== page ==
I spent a week in Paris recently, and although I was on vacation, I was still on the lookout for Macs. I almost missed this homage to the Apple design while I was out shopping with my uncle. Fortunately, he saw this excellent window display at the Printemps department store and stopped me to take some photos.
The display case, several large windows long, was completely littered with Apple products. See if you can count them all. You can also see the reflection of the other side of Boulevard Haussmann.
Watchmen, the just-released film adaptation of the dramatic and incredibly detailed graphic novel by the same title, is set in an alternate version of 1984 and 1985 America. Not all of the details of America have changed though, and most importantly, the Mac is still present. As the film neared its climax during the midnight showing I attended, a friend elbowed me vigorously to point out this key snippet:
There comes a point in the film where one of the characters is viewing a bank of monitors. The camera shows a close shot of the character and just a couple of the monitors. In one monitor on his right, you’ll recognize Apple’s 1984 Macintosh ad being played.
That should make it relatively easy to find the Apple-centric easter egg without revealing the plot. Good luck finding the video of Big Brother’s defeat in Watchmen!
Come with me on a journey: It’s two in the morning, you’ve been working on a report for ages and you’re hitting the hard part. You’d better do something to focus on this paper right now or you’re going to wind up fiddling with iTunes playlists and blindly posting on unsavory websites.
Enter MegaZoomer. With one stroke of command-return your paper just engulfed your entire screen. The WHOLE thing. You finish your paper in record time! The day is saved! Here’s an image of Safari filling my entire screen using MegaZoomer:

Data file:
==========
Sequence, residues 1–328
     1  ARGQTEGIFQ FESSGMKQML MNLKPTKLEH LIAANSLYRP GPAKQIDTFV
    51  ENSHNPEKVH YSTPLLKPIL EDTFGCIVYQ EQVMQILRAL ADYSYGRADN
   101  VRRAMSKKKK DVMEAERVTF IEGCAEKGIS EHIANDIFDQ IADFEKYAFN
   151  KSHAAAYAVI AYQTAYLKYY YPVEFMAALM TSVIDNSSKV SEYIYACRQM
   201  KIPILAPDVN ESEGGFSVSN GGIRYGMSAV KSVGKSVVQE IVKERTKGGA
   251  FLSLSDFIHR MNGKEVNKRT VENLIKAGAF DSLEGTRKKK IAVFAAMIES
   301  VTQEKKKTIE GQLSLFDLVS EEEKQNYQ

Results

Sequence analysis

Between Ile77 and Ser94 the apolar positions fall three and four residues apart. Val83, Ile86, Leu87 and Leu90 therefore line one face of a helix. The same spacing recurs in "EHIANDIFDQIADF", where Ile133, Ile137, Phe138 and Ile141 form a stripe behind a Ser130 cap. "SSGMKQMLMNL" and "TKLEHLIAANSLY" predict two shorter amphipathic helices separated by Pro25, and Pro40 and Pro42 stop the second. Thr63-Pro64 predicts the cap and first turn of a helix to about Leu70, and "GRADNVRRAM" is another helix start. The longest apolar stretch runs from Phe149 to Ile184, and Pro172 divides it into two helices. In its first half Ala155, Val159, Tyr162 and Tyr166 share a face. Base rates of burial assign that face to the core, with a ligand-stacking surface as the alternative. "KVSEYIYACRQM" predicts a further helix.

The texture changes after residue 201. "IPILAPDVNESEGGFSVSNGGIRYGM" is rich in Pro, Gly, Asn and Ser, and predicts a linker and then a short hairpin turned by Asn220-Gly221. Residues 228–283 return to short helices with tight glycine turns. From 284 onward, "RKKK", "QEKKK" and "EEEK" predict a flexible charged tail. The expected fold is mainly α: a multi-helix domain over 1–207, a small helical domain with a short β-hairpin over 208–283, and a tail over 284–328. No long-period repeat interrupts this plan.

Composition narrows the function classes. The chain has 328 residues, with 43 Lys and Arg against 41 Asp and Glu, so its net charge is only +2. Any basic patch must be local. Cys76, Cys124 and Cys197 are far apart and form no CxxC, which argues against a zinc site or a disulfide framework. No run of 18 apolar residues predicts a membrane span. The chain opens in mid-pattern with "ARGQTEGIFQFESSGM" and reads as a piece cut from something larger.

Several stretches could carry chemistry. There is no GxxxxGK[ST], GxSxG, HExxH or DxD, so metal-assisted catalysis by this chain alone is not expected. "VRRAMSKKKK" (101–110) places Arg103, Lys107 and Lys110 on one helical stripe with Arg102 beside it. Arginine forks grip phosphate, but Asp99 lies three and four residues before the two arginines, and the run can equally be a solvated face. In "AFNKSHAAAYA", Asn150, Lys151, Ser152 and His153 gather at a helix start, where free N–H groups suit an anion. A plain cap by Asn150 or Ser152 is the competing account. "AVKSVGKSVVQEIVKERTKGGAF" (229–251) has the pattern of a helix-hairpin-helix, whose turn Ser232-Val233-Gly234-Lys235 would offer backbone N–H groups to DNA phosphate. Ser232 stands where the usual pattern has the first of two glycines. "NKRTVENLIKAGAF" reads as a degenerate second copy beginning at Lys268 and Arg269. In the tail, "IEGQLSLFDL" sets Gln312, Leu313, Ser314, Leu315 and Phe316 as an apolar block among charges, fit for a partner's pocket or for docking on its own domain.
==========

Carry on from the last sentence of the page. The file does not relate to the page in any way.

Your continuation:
MegaZoomer can take any Cocoa-based application and zoom it up to the size of the whole screen. This means you’ve got great screen use for Safari, Aperture, most text editors and lots, lots more.
It even works with Terminal for those… really important coding projects.
The only downside of MegaZoomer is that you have to have SIMBL installed. If you don’t already have SIMBL installed, I’d suggest you look into it not only for MegaZoomer, but for the myriad of other great plugins that require it.
Can’t afford an iPhone? Me neither. That’s why I was so excited to see this photo of a Nokia phone dressed up as a Mac on Flickr. My old phone could use some panache.
A quick search through the comments shows that this is a theme from Dan Schwartz, and it’s compatible on quite a few different phones. It’s hard to find on his website, tucked into the About pages, but you can get the theme for your Nokia phone here.
Source: Dan Schwartz
The theme imitates the Mac without interfering with the phone’s functions. Dan used the application icons from Mac OS X’s system and one of the gorgeous Apple default backgrounds to give you the full experience. The theme even goes so far as to closely imitate the fonts used in the Mac system. All in all, these themes are an excellent escape for those of us who want to keep a little Apple with us all the time.
Have you ever dreamed up a new feature for an application, like using network drives for Time Machine backups, or changing the sounds Mail makes when you send messages? Sometimes these features actually are in the application, they’re just difficult to find and change. Most of them require you to know how to use the Terminal or find files deep in your Library or System folder.
Secrets from the awesome people at Blacktree lets you change those settings through a preference pane in System Preferences. Suddenly all those features your Mac’s been hiding from you are just a checkbox away. Be careful though, changing the settings marked as “dangerous” might not be a great idea.